As hip-hop becomes more and more evolved, you remain particularly Afrocentric in your work, closer to the material by Digable Planets and Shabazz Palaces than most of what is going on now. How does this Afrocentrism keep evolving in your music as time goes on? What other influences has your music picked up along the way as you’ve progressed as an artist?
Afrocentrism is huge with me, and I feel it’s more important to stress my history given the abundance of stereotypes surrounding African-American culture. When I was going by my old stage name, JYoung The General, I linked up G-Unit producer Nick Speed in Detroit and we created two EPs called Black History Year. I felt it was important to teach some of the history of my ancestors and our experiences in America in a way that was digestible for today’s generation and people outside of our community.
The only drawback was I felt like I was eschewing my own personal narrative to serve as a hip-hop historian, so the Jahshua Smith records accurately reflect the place black history plays in my everyday life. I take a lot of cues from Nas who, at his best, has this ability to give a vivid depiction of the streets, have a few songs that you can ride to, and also have that higher understanding of who he is and where he comes from.
Over time I feel like a lot of the influences I put into the new music come from artists I know closely and also the region as a whole. Doing more ‘double time’ flows, singing a bit more (a talent I don’t exercise nearly enough), and even rhyme and verse structure all come from people I highly regard. Even my ‘hunh!’ ad-lib that I use often to start a verse comes from one of my former students. I pick up a little bit of influence from everyone who has a role in my life.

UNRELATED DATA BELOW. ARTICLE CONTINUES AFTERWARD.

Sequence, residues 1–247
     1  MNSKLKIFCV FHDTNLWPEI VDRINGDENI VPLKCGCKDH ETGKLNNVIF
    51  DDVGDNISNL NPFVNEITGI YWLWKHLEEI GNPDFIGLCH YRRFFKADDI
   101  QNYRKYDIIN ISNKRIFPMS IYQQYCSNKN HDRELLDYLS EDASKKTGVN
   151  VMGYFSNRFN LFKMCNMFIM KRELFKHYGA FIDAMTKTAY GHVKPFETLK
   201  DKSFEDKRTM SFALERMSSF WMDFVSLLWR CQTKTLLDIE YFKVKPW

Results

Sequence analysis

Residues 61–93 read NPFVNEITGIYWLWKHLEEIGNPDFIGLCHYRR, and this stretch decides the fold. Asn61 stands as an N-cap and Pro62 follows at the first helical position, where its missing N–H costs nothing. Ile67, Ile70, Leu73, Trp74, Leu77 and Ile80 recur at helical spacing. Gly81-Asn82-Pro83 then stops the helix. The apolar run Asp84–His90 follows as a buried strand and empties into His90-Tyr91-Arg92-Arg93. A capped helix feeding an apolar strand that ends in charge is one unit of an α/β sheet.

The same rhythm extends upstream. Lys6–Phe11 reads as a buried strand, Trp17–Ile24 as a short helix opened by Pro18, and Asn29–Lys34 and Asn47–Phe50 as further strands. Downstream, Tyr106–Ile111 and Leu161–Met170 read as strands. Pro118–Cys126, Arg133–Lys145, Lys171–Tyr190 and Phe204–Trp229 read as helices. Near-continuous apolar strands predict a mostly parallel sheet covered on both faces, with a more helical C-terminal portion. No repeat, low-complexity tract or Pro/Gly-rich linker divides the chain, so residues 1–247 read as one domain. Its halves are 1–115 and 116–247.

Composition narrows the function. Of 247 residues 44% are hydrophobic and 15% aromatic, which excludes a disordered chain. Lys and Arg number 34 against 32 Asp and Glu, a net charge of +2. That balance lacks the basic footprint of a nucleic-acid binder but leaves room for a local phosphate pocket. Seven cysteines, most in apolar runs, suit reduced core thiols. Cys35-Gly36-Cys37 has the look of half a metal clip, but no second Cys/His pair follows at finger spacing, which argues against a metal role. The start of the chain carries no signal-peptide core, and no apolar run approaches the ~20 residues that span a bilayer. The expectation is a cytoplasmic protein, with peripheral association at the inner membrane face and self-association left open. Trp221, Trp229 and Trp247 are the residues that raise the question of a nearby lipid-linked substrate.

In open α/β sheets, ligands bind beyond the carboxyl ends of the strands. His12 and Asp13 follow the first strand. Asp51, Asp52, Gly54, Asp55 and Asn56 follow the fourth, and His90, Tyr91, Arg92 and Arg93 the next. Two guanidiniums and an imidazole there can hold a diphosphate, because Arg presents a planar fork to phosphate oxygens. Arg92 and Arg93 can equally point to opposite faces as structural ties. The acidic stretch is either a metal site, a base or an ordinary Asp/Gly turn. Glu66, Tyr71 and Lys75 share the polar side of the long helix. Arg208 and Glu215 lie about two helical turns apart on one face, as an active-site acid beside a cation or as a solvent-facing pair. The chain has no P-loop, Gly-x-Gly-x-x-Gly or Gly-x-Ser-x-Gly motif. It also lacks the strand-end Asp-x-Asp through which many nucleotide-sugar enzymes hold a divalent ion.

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I interviewed a rapper/lyricist some time back who once described his technique as a “medicine bag” of sorts; he had all kinds of flows that he could pull out, depending on what was needed at the given moment. How you describe your technique or delivery in your lyricism?
I like the medicine bag reference! I think my style builds on two consistent elements; multi-syllabic rhyme scheme and counter-rhythm.
In the earliest days of my rap career, one of my boys was helping me sharpen my vocabulary and he told me that he felt like my content was good but I needed to work on my flow. He taught me the value of rhyming multiple syllables (socially/vocally) versus just one (bat/cat) and it challenges me to not just craft lyrics that make sense, but also fit my rhyme scheme. That helps expand my vocabulary too. I listen to artists like AZ, Royce Da 5’9, and Raekwon who are masters at that and, much like them, I can’t say I pull it off 100 percent, but it’s hard to hear a single song of mine where that’s not a staple of my lyrics.
As for the counter-rhythm, emceeing turns you into another instrument. I like to play off the groove in a song—the bassline, kicks, snares, melody, or w/e—and find a pocket where I can give my lyrics musical value. Sometimes I’ll play it straight and stay in the pocket, but a lot of times I like to actively go against the grain so that the lyrics stand out and create another melody themselves. My favorite example of that is “Butt” off The Final Season, where I’m just playing off the vocal sample and the dance feel of the instrumental. I think it’s fun to play around with those sounds.